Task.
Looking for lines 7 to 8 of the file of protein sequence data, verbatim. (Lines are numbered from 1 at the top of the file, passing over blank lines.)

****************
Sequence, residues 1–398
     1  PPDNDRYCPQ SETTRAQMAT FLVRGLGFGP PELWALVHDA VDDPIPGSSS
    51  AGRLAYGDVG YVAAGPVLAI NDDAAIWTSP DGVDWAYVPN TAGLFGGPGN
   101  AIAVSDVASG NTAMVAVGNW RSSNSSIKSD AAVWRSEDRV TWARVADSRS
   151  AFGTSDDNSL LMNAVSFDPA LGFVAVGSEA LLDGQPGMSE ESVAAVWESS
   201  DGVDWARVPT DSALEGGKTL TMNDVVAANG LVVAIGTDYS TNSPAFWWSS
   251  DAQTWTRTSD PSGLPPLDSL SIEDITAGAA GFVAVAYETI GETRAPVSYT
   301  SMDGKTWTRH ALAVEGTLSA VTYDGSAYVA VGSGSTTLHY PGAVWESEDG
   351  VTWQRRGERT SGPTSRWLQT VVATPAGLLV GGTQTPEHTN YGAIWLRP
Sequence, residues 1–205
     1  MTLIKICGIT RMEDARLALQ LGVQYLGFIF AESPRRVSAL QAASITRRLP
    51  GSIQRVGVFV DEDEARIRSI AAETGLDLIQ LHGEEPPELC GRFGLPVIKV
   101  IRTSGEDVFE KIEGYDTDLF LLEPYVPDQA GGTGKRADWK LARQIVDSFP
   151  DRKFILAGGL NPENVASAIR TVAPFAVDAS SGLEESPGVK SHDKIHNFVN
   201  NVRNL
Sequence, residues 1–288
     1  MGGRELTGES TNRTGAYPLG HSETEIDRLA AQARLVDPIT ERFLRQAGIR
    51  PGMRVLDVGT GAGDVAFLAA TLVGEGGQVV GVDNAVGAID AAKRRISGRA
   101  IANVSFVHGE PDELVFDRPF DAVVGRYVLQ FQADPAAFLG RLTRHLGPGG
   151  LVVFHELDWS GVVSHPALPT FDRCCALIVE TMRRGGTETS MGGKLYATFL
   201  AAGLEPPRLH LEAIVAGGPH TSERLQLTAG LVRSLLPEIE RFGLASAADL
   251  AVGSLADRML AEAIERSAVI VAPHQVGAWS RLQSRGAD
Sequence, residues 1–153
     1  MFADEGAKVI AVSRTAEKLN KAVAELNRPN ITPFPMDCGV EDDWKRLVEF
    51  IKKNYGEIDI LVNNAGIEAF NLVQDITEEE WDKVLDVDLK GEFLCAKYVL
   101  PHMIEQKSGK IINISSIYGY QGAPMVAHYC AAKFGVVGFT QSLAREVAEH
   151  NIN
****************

   251  DAQTWTRTSD PSGLPPLDSL SIEDITAGAA GFVAVAYETI GETRAPVSYT
   301  SMDGKTWTRH ALAVEGTLSA VTYDGSAYVA VGSGSTTLHY PGAVWESEDG